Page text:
14 April 2012

Ensnared by a fungus

A single gram of soil can contain millions of different micro-organisms, including large amounts of fungi, protozoans, bacteria and nematodes (tiny, non-segmented worms). As would be expected, all of these different organisms interact with each other in complex food chains, which are often go unnoticed due to their small size and apparent insignificance. However, these interactions are in fact very important and have large effects on the decomposition of dead biological material and therefore, in the ecological recycling of nutrients.

Probably the most important fungi in recycling nutrients are the saprobic, wood-rotting species (see the earlier post 'Fungi: rotting civilisation from its very foundations' for more information), which are essential in allowing larger ecosystems, such as forests, to exist. However, they are not entirely responsible for recycling carbon and predatory fungi, belonging to the phyla Ascomycota, Basidiomycota and Mucoromycotina are also key contributors, by recycling the carbon from the micro-organisms that they kill.

The very rare predatory fungus Anthurus archeri.

There are over 200 identified species of predatory fungi and they can feed on a wide-range of micro-organisms including bacteria and other types of fungi, but predominantly feed off nematodes or other types of microscopic worm. Although it is not disputed that fungi can predate nematode worms, the finding was initially surprising as how can a relatively immobile fungus catch and eat an active worm?

Fungi have evolved many different techniques that enable them to do this, using both passive and active methods. Passive methods are fairly simple and such fungi produce a network of hyphae that permeates the surrounding soil. The hyphae act a bit like spider webs and have droplets of glue or hooks at regular intervals along their length. Upon contact with the glue or hook, a nematode becomes snared and cannot escape. The hyphae then 'blooms', extending hyphal tendrils that pierce the skin of the hapless worm and grow inside it. Once inside, the worm is digested and its nutrients are absorbed by the same tendrils and carried back to the central body (mycelium) of the fungus.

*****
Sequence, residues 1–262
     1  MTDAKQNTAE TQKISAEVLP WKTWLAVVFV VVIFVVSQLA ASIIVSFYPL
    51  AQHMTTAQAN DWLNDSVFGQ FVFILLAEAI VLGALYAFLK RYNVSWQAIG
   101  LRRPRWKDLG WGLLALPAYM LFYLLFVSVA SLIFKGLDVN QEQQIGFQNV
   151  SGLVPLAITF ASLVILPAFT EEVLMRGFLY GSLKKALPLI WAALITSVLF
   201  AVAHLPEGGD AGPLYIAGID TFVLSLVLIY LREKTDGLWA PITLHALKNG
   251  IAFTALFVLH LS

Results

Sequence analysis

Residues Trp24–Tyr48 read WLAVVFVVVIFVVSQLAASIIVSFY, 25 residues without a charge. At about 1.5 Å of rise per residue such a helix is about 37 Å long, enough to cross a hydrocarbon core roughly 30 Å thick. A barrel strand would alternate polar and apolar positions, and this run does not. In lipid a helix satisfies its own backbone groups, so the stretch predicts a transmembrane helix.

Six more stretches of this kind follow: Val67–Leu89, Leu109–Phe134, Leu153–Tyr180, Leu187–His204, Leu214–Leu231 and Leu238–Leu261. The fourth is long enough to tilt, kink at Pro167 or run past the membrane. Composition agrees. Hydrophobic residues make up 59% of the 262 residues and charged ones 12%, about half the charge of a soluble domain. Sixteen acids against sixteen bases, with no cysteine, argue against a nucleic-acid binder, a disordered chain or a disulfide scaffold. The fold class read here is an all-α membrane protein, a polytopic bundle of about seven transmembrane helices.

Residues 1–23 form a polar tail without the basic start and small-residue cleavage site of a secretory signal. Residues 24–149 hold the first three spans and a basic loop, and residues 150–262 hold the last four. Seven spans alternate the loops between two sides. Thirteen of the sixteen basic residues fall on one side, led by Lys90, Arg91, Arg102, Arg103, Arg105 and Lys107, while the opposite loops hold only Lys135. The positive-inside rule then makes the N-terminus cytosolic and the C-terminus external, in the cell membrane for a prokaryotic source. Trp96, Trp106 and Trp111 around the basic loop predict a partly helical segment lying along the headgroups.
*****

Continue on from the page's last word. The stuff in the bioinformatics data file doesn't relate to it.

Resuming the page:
These passive methods are relatively simple methods of capture, probably being the first techniques to evolve as they are easy to produce, but are not the most efficient way of ensnaring prey. Thus, many predatory species have evolved more active methods of capturing prey that involved motion-triggered traps. These traps include the hour-glass shaped clamps of Nematoctonus, which latch onto unsuspecting nematodes as they swim past and hold them in a vice-like grip as the fungus extends its penetrative, invasive hyphae towards them; and the spectacular inflatable collar seen in Arthrobotrys species. The collar consists of 3 cells that inflate rapidly when a nematode swims through them, closing in less than 1/10th of a second that traps the nematode as would a clamp. The struggling worm often traps its tail in another collar, which are regularly spaced along the length of the hyphae, when thrashing around and becomes completely immobilised. As with the other species of predatory fungi, invasive hyphae bloom from these collars and penetrate the nematode; typically digesting it in 12-24 hours.

Active methods of capture: the hour-glass shaped clamps of the Basidiomycete Nematoctonus (left) and a nematode trapped in the inflating collar of the predatory fungus Arthrobotrys anchonia (right).

The presence of predatory fungi is significant for increasing the rate of carbon turnover in the biological Carbon Cycle and they also help to control the population size of nematodes, which can be damaging pests or parasites of plants, fungi and bacteria; all of which are ecologically important organisms.

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